Lewis Thorpe  

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“With Harun al-Rashid, King of the Persians, who held almost the whole of the East in fee, always excepting India, Charlemagne was on such friendly terms that Harun valued his good will more than the approval of all the other kings and princes in the entire world, and considered that he alone was worthy of being honored and propitiated with gifts. When Charlemagne's messengers, who he had sent with offerings to the most Holy Sepulcher of our Lord and Savior and to the place of His resurrection, came to Harun and told him of their master's intention, he not only granted all that he was asked but even went so far as to agree that this sacred scene of our redemption should be placed under Charlemagne‟s own jurisdiction.” (Einhard and Notker the Stammerer, Two lives of Charlemagne, Lewis Thorpe, Penguin Books, New York, 1969. p. 70.)

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Train wreck at Montparnasse (October 22, 1895) by Studio Lévy and Sons.
Train wreck at Montparnasse (October 22, 1895) by Studio Lévy and Sons.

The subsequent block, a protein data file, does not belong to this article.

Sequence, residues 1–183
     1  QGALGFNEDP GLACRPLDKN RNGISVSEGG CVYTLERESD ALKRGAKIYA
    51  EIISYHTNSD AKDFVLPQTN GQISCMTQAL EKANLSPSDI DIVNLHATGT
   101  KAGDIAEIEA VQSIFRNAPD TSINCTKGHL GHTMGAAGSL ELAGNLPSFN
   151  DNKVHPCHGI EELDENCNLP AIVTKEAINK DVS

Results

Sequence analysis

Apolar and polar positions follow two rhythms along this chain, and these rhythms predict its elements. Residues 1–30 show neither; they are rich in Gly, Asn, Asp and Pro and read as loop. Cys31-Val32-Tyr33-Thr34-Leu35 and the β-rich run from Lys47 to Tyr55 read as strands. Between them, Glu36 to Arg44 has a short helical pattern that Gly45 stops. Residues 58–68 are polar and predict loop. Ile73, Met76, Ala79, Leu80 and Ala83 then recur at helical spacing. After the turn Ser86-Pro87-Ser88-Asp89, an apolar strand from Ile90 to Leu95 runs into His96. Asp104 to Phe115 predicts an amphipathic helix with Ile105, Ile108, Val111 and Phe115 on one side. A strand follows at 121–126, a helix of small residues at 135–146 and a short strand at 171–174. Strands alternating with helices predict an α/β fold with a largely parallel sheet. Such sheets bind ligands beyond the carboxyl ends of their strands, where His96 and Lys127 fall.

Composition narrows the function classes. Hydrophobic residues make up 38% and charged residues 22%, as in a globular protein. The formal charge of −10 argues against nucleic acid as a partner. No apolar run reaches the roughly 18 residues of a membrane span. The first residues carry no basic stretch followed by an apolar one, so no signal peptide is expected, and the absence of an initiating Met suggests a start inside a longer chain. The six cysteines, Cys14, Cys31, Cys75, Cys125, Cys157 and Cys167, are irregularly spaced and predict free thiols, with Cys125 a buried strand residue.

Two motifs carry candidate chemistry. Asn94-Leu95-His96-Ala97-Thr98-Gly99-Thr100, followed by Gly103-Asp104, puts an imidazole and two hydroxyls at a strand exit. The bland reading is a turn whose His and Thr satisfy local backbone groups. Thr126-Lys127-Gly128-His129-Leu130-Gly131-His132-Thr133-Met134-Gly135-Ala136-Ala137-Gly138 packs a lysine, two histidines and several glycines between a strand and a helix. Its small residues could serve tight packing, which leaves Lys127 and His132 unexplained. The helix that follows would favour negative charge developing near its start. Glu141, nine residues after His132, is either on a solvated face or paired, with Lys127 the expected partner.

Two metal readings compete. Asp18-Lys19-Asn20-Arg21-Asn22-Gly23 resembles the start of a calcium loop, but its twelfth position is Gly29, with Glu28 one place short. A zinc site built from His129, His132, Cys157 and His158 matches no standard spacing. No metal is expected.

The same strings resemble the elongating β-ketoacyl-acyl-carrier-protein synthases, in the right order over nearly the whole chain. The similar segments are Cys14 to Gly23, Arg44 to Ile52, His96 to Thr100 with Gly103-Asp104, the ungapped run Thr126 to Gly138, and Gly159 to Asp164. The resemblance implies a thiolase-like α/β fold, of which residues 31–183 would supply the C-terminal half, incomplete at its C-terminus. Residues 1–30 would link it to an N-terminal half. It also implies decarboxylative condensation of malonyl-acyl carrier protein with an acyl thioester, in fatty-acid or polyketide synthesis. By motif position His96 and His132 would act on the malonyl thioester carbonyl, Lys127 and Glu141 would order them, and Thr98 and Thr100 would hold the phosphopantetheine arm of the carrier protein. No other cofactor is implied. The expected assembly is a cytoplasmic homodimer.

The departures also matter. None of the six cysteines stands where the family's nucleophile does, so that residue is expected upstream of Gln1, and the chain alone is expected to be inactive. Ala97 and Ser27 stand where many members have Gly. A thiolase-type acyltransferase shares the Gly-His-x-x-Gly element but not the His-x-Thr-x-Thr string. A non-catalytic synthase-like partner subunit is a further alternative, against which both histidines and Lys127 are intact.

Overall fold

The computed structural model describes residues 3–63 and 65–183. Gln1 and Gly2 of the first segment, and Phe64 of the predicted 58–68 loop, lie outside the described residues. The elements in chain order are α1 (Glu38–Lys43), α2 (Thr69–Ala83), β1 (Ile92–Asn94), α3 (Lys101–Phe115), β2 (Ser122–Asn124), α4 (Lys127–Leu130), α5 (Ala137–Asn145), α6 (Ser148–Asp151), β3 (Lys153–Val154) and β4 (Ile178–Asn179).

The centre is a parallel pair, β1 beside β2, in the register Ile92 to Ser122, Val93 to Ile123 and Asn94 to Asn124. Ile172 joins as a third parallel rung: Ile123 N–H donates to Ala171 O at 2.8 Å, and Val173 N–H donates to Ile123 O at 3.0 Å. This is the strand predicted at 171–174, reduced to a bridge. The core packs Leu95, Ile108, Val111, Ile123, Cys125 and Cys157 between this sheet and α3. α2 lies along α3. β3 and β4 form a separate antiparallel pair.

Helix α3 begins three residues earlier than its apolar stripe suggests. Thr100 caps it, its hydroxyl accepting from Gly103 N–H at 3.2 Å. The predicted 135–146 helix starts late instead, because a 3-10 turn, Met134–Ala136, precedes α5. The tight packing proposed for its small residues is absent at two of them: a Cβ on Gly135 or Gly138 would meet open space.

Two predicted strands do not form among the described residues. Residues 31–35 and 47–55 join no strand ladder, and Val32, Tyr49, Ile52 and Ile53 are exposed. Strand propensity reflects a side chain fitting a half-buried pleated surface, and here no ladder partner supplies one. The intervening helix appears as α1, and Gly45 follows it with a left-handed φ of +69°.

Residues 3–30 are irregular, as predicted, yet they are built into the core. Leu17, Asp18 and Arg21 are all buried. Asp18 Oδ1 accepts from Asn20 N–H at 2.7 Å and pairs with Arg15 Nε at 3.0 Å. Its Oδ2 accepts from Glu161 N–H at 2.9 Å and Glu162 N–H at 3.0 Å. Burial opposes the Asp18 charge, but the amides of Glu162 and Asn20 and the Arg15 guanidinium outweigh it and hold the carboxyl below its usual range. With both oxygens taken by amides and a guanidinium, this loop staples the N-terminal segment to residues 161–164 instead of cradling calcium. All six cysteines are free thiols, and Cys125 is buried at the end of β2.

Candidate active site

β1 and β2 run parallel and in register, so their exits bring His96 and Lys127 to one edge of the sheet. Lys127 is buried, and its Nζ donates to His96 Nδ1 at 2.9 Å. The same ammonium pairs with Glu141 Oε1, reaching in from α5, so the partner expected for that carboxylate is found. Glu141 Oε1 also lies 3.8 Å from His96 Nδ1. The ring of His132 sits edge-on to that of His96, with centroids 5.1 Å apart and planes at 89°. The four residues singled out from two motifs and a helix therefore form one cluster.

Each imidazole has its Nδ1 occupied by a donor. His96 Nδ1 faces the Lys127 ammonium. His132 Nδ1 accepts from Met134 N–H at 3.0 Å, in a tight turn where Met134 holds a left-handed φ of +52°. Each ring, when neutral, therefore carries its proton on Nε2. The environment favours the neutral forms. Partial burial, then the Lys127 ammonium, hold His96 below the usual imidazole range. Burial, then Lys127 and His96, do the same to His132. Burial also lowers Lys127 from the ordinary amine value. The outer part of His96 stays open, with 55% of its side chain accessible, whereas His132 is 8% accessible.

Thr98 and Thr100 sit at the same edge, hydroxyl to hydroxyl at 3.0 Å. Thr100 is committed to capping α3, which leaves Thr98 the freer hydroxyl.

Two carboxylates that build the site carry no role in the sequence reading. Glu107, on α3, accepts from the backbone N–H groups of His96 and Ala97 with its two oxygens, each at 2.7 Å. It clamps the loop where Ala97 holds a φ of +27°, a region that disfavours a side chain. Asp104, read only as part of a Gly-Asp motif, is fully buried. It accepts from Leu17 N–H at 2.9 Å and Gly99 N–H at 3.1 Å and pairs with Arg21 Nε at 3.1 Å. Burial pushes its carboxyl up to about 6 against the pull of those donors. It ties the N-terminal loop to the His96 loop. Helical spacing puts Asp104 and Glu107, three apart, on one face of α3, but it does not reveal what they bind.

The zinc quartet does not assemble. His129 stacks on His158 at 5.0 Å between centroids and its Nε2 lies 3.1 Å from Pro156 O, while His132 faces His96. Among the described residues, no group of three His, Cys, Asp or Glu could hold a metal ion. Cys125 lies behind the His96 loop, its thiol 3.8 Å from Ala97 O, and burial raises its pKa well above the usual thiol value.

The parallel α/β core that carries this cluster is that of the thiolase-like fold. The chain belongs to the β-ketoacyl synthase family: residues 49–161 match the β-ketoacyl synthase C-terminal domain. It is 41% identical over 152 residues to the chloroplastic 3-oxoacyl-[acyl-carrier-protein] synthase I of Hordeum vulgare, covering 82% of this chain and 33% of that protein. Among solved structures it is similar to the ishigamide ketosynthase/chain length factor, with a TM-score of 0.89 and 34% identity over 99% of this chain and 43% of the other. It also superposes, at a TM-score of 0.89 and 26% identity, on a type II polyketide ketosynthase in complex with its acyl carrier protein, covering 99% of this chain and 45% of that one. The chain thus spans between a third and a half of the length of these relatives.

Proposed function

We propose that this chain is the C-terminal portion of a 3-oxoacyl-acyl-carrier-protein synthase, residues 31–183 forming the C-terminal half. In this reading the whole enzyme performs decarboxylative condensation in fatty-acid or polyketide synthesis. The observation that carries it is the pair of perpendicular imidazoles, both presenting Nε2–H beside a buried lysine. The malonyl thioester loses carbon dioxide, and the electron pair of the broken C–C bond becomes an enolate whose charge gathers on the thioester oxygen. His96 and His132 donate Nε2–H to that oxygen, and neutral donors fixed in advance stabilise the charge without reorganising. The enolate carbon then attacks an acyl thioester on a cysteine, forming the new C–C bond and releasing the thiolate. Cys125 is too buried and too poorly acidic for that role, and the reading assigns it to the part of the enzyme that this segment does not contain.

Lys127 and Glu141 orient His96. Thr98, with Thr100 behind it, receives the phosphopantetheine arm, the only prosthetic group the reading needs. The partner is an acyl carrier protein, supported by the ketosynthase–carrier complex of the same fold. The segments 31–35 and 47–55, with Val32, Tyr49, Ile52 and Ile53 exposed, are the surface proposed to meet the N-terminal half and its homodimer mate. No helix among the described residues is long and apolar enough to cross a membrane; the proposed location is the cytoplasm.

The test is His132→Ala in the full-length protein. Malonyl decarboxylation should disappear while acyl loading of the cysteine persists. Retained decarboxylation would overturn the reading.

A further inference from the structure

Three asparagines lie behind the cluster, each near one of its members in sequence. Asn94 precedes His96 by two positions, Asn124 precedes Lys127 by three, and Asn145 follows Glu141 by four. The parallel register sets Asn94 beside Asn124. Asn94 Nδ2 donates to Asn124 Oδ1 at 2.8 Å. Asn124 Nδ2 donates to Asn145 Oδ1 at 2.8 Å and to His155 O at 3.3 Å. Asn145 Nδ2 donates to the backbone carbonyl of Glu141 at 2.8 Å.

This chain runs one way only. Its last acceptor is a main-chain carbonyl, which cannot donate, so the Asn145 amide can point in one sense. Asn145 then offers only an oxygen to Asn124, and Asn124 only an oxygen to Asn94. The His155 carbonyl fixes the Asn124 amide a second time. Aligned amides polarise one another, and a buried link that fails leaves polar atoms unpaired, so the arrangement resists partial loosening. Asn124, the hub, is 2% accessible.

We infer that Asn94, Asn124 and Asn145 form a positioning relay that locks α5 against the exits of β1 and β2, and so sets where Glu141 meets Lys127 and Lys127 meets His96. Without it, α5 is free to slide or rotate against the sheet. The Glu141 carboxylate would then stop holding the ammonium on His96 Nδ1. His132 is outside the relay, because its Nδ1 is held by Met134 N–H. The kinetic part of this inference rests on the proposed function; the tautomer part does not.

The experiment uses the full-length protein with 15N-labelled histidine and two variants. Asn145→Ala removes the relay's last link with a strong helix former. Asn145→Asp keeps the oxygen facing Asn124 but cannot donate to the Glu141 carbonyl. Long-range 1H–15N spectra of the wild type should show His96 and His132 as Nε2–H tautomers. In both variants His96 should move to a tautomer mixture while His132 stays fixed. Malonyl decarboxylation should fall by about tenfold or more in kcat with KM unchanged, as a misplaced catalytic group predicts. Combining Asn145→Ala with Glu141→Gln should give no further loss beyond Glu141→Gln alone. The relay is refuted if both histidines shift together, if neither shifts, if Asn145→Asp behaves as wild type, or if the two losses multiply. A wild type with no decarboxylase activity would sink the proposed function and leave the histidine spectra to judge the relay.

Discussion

Lewis Thorpe was a British philologist, translator, and husband of the Italian scholar and lexicographer Barbara Reynolds. He died on 10 October 1977.

After service in Italy in the Second World War, Lewis Thorpe joined the staff of the University of Nottingham in 1946. He was Professor of French there from 1958 to 1977. He served as President of the British Branch of the International Arthurian Society and was a member of the MCC.


  • La France guerrière. Penguin, 1945.
  • Le roman de Laurin, fils de Marques le Sénéchal. 1950.
  • Le roman de Laurin: text of MS B. N. F. fr. 22548. Cambridge: Heffer, 1960.
  • Guido Farina, Painter of Verona, 1896-1957. 1967 (with Barbara Reynolds).
  • Heldris de Cornouaille, Le roman de Silence. Cambridge: Heffer, 1972.
  • The Bayeux Tapestry and the Norman Invasion. 1973.

Lewis Thorpe as editor

  • Bulletin bibliographique of the International Arthurian Society
  • Nottingham Mediaeval Studies
  • Nottingham Franch Studies

Lewis Thorpe as translator

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